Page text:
But even if I don't create wrapper types for everything, should I still provide "conversion" functions (e.g. to "convert" a Cloje integer to a host integer, even though they are the same thing), and recommend people use them, just in case I need to change how they are implementated in the future? That would probably just be counterproductive overengineering.

If I don't provide conversion functions for certain types, I need to guarantee that Cloje will directly use the host types for the foreseeable future. To do otherwise would be irresponsible: if the implementations of types changed, user code might break, and without conversion functions, the user would have had no means to avoid breakage.

Consolidated versus fine-grained

Another dilemma is whether the API should offer a small number of conversion functions that handle many types (I'll refer to this as a "consolidated" design, for lack of a better term), or a larger number of functions that each handle only a few types (I'll call this a "fine-grained" design).

My initial outline for the API was very consolidated. It had only two main functions: cloje->host, which would convert any supported Cloje type to a corresponding host type, and host->cloje, which would convert any supported host type to a corresponding Cloje type.

In theory, the advantages of that design are that an API with fewer functions is easier to learn and remember, and more convenient to use. You just put any Cloje object in one end, and voila!, an equivalent object with a sensible host type comes out the other end, or vice versa. You could convert entire collections, even heterogenous ones, just by mapping the same conversion function over every element, or recursively convert a nested data structure by walking it with just one function.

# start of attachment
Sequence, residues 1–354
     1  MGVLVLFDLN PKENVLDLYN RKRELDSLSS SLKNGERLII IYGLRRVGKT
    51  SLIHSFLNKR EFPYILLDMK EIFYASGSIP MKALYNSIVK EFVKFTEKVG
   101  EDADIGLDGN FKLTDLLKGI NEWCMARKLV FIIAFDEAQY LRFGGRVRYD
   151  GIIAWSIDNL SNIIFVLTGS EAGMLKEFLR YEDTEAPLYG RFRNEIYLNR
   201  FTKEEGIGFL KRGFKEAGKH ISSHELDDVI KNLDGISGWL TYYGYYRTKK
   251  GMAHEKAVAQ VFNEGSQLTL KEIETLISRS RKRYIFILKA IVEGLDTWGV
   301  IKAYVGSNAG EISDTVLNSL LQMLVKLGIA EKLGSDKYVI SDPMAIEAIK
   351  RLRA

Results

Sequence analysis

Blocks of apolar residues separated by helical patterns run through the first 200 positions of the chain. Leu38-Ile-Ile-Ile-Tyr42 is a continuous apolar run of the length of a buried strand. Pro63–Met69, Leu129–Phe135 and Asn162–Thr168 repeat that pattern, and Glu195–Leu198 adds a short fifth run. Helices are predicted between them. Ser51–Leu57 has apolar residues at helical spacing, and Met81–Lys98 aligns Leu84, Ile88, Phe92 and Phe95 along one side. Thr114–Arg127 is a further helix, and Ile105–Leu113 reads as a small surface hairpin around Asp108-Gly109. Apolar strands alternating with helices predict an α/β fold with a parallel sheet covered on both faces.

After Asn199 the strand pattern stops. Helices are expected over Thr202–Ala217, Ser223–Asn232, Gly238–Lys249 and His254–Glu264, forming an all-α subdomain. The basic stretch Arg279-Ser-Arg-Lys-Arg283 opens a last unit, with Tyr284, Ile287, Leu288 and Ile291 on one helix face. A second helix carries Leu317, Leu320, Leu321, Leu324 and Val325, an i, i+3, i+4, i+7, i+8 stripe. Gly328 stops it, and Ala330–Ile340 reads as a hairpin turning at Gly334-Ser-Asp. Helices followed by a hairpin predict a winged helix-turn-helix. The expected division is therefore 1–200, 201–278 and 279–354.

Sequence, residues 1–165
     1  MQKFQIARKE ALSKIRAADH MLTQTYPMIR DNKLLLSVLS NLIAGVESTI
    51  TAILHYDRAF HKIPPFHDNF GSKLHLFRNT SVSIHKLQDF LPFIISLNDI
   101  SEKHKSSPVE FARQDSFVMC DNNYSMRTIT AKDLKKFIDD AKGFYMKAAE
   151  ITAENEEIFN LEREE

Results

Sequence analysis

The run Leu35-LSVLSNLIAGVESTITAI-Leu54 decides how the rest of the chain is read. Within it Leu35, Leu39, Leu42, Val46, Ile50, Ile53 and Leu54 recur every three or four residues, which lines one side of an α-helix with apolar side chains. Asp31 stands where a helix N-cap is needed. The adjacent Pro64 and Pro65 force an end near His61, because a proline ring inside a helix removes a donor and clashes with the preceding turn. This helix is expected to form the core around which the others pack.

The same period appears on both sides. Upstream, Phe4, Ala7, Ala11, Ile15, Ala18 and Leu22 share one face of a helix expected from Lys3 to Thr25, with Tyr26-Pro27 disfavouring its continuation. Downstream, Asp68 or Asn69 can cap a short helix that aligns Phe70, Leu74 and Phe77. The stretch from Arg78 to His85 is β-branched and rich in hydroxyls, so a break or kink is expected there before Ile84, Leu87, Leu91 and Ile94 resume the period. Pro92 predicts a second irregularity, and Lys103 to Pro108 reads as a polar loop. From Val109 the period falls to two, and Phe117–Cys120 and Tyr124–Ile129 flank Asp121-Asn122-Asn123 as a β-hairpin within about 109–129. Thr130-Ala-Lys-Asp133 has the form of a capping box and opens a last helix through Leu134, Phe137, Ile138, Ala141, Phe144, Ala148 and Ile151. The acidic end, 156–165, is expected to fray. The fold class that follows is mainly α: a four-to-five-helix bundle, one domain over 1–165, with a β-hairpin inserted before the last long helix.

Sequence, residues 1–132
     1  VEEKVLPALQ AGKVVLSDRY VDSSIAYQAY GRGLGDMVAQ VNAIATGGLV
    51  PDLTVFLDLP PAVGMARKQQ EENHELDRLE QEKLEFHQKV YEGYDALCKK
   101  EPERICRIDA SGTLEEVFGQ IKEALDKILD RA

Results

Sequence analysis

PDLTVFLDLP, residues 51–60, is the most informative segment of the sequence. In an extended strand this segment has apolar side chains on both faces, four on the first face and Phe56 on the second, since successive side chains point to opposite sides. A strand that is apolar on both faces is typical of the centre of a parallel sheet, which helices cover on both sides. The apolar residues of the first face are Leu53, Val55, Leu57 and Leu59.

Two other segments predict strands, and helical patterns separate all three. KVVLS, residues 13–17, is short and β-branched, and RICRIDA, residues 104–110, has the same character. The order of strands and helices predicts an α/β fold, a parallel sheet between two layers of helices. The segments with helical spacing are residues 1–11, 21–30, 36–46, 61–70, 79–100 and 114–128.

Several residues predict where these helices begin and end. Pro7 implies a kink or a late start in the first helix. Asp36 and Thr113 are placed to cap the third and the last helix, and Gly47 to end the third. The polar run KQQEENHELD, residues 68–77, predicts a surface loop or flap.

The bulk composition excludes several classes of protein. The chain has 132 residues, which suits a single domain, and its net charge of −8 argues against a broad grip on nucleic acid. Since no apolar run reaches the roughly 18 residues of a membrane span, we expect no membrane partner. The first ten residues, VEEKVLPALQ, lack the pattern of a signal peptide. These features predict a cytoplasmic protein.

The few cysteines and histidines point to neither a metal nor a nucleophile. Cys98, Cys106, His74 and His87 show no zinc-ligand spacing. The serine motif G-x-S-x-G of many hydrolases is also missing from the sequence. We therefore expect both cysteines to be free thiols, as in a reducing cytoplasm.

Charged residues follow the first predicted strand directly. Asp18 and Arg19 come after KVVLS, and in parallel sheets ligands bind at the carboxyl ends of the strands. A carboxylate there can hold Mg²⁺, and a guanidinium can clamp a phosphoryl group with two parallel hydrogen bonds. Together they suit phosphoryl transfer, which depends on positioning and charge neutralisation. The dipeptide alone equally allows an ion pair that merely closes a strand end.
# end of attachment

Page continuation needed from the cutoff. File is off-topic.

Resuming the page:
That design might make sense if you have a small number of types, and if it's obvious what each type should be converted to. In such a case, it's fairly easy to implement a consolidated, "Do What I Mean" kind of API.

But reality is much messier. "Do What I Mean" is not always obvious. I already described how some types have no analogues. If you passed a Cloje set to cloje->host, what should come out the other end? A list? A vector? A hash table? Or should it throw an error? I could give solid arguments in favor of each of those possibilities, explaining why it makes the most sense in certain situations. But, if I create a consolidated API, I have to choose just one of these behaviors, and changing the behavior later would be a breaking change.

No matter what I decide, there will be situations where the user wants a different behavior. And if all I provide are large, one-size-must-fit-all functions, the user wouldn't have very good tools to customize the conversion behavior.

A consolidated approach is also more fragile. Suppose I decide that Cloje maps should be converted to host hash tables. Now what happens if I want Cloje to run on a Scheme implementation that does not have hash tables? Either I would need to make the API behave differently on that implementation than on all other implementations, or I would need to change the API so that it does not return hash tables on any implementation (which would break backwards compatibility).